Canon City squats between the Front Range and Wet Mountains, north of a portion of the San Isabel National Forest. It straddles the Arkansas River, making it easy for tourists to go whitewater rafting and sightseeing. Many activities await nature lovers here, including the Skyline Drive, the Royal Gorge railroad, and its infamous suspension bridge, as well as the Royal Rush Skycoaster.

Between Salida and Canon City, the Arkansas Headwaters State Park offers multiple campgrounds, while the Royal Gorge Bridge and Park also offers established campgrounds. Canon City also has many bicycle trails for those who want to experience plants and wildlife up close.

Fernie, British Columbia

A view down the streets of downtown Fernie, British Columbia, Canada on a sunny morning during the winter. A popular ski town in the Rockies.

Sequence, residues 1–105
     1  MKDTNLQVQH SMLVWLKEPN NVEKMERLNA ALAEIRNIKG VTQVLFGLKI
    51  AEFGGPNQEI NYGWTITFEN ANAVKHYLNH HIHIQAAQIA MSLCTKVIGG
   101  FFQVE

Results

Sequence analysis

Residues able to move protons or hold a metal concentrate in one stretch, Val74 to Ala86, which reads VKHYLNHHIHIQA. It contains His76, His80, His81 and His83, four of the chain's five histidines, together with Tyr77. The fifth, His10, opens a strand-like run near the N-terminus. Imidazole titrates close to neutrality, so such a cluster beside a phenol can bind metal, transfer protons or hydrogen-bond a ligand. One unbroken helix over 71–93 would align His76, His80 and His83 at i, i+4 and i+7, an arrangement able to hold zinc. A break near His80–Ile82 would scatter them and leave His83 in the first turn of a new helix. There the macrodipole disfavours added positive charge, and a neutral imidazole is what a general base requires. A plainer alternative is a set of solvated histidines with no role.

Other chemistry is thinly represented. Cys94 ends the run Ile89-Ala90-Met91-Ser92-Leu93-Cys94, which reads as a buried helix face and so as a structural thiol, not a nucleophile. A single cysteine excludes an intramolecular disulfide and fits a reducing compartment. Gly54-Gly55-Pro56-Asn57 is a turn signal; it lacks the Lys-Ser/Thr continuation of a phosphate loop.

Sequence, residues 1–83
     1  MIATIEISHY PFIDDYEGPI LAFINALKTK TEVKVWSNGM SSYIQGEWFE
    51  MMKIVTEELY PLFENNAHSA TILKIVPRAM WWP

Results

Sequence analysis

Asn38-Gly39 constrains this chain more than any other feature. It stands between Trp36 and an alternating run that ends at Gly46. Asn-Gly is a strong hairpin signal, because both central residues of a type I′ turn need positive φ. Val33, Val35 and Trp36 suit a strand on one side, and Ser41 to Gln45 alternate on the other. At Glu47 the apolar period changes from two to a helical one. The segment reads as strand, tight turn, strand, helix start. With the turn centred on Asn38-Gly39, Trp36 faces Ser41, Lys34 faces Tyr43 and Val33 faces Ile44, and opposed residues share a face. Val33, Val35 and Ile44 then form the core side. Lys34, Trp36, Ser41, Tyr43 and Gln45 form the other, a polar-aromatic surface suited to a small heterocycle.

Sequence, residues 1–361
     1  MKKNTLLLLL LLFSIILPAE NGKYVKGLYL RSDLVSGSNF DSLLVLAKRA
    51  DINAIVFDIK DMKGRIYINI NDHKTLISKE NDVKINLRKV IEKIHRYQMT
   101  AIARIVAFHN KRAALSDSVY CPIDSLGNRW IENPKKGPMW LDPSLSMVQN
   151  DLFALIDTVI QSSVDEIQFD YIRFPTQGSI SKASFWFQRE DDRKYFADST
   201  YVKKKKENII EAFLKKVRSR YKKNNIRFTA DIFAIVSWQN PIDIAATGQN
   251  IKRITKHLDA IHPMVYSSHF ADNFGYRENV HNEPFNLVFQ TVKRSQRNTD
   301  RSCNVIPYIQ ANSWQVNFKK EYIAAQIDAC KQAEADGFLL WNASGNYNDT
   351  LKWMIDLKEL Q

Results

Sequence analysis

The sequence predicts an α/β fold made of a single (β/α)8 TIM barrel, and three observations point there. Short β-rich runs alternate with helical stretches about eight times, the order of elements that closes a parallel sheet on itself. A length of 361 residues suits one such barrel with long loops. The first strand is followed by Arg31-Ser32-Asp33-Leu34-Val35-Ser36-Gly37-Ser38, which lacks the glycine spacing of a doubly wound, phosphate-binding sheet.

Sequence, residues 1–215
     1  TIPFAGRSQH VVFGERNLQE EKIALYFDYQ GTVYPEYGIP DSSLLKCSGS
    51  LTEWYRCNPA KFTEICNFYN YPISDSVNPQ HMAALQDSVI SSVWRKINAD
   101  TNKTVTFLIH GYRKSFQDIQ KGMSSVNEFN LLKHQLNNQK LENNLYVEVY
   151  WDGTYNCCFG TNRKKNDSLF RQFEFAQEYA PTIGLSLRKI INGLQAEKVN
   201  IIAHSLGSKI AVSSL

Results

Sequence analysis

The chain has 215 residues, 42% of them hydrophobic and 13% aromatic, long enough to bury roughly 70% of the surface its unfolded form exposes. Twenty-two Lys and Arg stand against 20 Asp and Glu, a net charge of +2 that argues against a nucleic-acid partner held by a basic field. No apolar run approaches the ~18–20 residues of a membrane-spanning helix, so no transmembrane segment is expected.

A view down the streets of downtown Fernie, British Columbia. Image credit christopher babcock via Shutterstock.

During winter, Fernie is any skier’s dream destination. On the outskirts of the town are steep slopes that offer thrilling ski rides once the town gets snowed in. More than 140 slopes receive around 32 feet of snow every year. In the town itself, there are several old buildings to admire, some of which have been standing since the early 1900s. No visit to Fernie is complete without a stop at the Beanpod Chocolate, Coffee, and Gelato where chocolate is still made the old-fashioned way.